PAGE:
We’re often asked if collaborative partners have to be motivated by the same things — or at least have the same end goal in mind for the collaboration. We think that the answer to that is No, not necessarily.
We have interviewed many people about their collaboration experiences. One question we asked is “What criteria do you use to choose a collaborator?” One person, whose job is facilitating community collaborations, said she looks at her organization’s “ethical manner of doing business and the directives that are given to us. I usually look for alignments in collaborators mission, values and purpose. So I probably won’t collaborate with a gun association. However, I might if it were to prevent gun injuries. You have to do a balancing act. What is it that we can both wrap our arms around? Look for the points that you can all agree on.”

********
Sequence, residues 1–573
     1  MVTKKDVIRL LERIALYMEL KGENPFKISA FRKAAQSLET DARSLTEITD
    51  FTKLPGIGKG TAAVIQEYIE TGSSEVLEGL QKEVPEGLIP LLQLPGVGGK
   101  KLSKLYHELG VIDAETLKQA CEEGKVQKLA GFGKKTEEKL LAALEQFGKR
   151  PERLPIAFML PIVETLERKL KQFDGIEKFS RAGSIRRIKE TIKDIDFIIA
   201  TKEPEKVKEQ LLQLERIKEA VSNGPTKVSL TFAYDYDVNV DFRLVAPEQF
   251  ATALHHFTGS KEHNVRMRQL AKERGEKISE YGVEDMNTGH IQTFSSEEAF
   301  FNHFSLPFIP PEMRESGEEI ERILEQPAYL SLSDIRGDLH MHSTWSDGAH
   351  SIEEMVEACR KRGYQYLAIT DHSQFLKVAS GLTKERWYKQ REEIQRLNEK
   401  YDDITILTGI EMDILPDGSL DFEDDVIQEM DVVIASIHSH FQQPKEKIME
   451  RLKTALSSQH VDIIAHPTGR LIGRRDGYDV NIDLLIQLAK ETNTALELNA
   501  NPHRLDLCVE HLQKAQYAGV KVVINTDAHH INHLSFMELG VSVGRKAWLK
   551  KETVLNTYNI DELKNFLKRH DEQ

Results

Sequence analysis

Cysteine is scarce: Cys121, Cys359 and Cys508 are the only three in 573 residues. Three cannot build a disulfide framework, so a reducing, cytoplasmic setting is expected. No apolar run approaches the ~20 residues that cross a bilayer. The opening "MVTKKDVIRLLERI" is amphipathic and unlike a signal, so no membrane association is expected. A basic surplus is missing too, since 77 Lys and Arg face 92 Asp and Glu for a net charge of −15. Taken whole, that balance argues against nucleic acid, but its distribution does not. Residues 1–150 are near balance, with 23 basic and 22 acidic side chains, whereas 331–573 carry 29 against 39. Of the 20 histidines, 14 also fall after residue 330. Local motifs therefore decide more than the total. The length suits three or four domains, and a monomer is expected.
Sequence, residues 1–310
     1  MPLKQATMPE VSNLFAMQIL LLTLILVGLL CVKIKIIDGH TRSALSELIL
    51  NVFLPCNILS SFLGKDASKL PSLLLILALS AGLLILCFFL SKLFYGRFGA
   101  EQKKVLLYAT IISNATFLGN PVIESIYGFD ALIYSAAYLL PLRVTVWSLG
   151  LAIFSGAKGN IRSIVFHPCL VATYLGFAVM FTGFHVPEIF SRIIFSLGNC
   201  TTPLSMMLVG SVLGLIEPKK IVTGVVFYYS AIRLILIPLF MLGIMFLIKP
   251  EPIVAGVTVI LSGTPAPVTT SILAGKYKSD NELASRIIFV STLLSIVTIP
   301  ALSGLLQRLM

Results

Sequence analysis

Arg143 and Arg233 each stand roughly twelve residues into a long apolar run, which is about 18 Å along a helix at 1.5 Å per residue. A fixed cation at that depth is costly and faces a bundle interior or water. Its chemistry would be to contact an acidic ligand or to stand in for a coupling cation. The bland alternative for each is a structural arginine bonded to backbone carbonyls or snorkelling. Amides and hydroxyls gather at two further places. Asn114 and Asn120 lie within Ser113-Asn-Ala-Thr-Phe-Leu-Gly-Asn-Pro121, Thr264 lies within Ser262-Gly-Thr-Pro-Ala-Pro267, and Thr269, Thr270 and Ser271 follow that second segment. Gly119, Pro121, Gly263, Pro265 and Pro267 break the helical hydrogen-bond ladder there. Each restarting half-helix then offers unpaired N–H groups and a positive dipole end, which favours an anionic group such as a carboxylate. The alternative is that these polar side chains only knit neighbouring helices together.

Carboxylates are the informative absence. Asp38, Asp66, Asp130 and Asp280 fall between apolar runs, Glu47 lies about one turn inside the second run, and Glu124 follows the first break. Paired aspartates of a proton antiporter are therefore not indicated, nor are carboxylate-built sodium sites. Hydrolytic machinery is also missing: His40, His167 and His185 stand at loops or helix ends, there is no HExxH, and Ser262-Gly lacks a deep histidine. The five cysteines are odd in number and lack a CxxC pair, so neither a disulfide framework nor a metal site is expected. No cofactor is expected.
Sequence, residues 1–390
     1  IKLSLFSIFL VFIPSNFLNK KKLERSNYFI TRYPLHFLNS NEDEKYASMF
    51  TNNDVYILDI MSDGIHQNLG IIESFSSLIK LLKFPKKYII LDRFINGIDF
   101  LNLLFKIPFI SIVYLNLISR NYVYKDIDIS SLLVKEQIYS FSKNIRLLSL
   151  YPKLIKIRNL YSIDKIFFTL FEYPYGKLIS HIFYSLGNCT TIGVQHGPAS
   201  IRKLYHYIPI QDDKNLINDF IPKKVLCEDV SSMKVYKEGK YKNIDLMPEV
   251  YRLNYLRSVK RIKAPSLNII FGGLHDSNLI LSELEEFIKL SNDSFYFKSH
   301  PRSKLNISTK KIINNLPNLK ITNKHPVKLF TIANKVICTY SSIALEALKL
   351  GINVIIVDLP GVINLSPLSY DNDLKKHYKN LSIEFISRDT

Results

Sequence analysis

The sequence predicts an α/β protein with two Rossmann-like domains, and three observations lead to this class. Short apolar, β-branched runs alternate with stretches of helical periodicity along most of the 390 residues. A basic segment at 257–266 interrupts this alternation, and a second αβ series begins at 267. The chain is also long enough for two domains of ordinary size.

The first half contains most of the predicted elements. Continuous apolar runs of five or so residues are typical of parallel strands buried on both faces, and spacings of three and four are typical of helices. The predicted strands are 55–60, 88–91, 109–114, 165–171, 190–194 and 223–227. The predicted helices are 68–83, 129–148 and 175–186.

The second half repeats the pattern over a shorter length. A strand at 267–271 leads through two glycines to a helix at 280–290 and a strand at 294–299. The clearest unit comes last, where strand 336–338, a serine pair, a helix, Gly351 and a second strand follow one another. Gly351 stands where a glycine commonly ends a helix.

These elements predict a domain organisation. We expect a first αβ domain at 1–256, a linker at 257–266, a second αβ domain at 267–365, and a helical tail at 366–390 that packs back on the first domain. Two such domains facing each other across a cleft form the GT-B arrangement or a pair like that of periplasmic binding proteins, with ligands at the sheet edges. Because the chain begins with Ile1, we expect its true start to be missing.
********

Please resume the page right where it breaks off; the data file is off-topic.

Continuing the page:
So even though it can be nice to share similar motivations and goals, the overall goals of each party don’t have to match. It is important that the end goals are not at cross-purposes.
Another example is when my husband brought disparate political parties together to identify and collaborate on the initiatives where they agreed.
Have you been agile enough to collaborate with people who have different motivations and end points?
Watch for our next blog post to see a fun exploration of collaborators who have different motivations.